The prostate is a walnut-sized gland located at the base of the penis just below the bladder and above the rectum. It surrounds the bladder neck and a portion of the urethra, and its function is to produce fluid that will transport semen during ejaculation. Though the shape and size of the prostate may vary, it is usually about two to three inches in diameter.



During a man's orgasm, fluid is secreted from the prostate and seminal vesicles into the urethra, where it mixes with sperm. The resulting mix is called semen, which is expelled from the penis during a man's climax. With age, abnormalities can arise in the prostate. The most common abnormalities are cancer and benign prostatic hyperplasia. Unfortunately, there are often no signs for these conditions, and when symptoms do occur, they are similar for both.

The American Cancer Society estimates that 198,100 new cases of prostate cancer will be diagnosed in the United States and that 31,500 men will die from this disease, making prostate cancer the number two cancer killer in men. Prostate cancer is the most common cancer, excluding skin cancers, in American men, and it is estimated that 1 in 6 men will develop clinically evident prostate cancer in their lifetimes.

Like other cancers, prostate cancer is a disease of the body's cells. Cancer is an abnormal growth of cells which may invade and destroy nearby tissues and organs or spread to other parts of the body. Though cancer may occur in any part of the prostate, it is most commonly found in the outer portions. The disease is most common among older men and its cause is unknown.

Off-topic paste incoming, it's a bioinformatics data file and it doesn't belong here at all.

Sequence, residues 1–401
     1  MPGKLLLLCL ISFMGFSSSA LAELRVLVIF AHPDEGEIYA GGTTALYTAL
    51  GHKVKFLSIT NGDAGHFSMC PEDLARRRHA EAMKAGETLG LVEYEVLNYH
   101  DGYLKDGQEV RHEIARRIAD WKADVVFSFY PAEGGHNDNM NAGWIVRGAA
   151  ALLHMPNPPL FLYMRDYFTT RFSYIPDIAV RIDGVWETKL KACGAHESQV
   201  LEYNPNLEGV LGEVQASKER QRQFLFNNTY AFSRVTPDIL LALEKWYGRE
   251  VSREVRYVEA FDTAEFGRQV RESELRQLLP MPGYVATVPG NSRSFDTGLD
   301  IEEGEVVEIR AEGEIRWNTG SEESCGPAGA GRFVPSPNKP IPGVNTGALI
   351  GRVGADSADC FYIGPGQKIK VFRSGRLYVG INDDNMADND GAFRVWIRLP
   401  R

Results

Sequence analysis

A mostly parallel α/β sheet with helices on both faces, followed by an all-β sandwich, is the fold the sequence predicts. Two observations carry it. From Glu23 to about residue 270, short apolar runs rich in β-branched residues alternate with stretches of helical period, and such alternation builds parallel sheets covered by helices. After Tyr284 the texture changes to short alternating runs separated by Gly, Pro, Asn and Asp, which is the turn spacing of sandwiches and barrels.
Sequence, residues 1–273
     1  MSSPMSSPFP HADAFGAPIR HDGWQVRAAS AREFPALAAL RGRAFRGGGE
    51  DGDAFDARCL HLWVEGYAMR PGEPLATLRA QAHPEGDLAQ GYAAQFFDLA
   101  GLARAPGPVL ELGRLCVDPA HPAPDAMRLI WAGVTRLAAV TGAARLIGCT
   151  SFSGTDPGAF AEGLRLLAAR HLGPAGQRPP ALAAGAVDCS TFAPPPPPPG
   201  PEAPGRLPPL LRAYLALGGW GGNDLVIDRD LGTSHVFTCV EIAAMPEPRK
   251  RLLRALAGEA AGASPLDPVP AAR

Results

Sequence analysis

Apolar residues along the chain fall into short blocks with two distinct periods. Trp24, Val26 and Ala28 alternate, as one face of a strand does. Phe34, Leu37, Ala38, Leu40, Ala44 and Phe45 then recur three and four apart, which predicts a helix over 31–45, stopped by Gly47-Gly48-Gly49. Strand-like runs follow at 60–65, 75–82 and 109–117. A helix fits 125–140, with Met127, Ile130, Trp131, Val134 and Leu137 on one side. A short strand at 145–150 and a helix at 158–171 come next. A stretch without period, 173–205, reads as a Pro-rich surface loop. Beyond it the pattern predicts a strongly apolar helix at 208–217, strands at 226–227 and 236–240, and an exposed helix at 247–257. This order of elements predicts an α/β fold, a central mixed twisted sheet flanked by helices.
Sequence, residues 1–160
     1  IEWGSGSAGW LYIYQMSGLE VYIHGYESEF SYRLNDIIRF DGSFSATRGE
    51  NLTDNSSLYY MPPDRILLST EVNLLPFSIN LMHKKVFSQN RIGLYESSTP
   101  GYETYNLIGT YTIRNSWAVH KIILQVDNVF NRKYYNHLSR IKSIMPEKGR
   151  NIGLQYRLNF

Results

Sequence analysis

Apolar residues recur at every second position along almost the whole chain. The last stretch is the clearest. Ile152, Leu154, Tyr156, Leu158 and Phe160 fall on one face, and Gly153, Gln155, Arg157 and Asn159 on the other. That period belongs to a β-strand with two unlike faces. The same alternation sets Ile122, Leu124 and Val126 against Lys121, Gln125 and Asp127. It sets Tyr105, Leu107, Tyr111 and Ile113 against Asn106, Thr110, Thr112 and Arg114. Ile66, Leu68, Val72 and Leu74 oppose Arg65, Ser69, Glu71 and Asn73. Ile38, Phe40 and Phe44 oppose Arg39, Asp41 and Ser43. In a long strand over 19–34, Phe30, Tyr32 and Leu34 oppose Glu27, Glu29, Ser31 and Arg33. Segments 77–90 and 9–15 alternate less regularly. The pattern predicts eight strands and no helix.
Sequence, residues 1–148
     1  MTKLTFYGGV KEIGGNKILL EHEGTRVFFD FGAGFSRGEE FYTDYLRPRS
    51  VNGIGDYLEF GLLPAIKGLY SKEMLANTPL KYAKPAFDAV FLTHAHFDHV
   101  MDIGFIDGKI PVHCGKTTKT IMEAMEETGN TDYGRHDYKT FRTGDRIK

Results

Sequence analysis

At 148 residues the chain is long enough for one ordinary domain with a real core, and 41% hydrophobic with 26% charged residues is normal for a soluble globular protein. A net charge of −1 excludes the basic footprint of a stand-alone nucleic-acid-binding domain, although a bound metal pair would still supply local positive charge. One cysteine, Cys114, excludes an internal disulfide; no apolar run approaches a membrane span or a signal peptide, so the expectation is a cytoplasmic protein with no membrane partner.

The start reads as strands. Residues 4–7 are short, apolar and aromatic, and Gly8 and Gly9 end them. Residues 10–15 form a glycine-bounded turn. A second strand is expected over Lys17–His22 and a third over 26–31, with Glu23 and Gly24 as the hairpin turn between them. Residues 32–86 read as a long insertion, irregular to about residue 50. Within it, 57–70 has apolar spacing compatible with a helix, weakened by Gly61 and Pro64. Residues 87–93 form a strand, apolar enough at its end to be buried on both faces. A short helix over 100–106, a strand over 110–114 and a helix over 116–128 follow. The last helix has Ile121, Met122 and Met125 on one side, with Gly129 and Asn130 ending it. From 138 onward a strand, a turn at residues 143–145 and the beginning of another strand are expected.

Like high blood pressure and heart disease, prostate cancer often lacks symptoms and can be viewed as a silent killer. In an effort to catch prostate cancer earlier, the American Cancer Society, the National Cancer Institute, and the American Urological Association recommend periodic screening for men starting at age 50. Because of their increased risks, African Americans and men with a family history of prostate cancer should begin screening at age 40.

Continuum Cancer Centers of New York, the Department of Urology, and the Department of Radiation Oncology have launched a truly comprehensive program for malignant and benign disorders of the urinary tract, with a particular emphasis on prostatic malignancies.

A Dedicated Team
The multidisciplinary dedicated team includes highly specialized urologic oncologists, radiation oncologists, medical oncologists, impotence specialists, pathologists, radiologists, and oncology nurses. Support staff and services including individual, family, and group support counseling are offered as part of the comprehensive treatment plan.

Screening and Surveillance
We treat individuals who have urinary symptoms as well as an elevated or rising PSA (Prostate Specific Antigen). Men with a family history of prostate cancer and African Americans are at an increased risk for prostate cancer, and they should start screening at age 40. Further studies and a surveillance schedule based upon an individual's risks will be recommended.

Diagnosis and Treatment
Our program offers state-of-the-art radiologic imaging techniques and pathologic diagnoses by a team of dedicated specialists. Based upon the diagnosis, stage, and patient preference, a full array of treatment options are made available to patients. Patients will meet with all the appropriate team members in a single visit and thoroughly review treatment recommendations and options, so that patients and family members fully understand the next steps.

For more information or to request a referral to a physician, e-mail us through the on-line Mount Sinai Health System Referral Service or call toll-free 1-800-420-4004.

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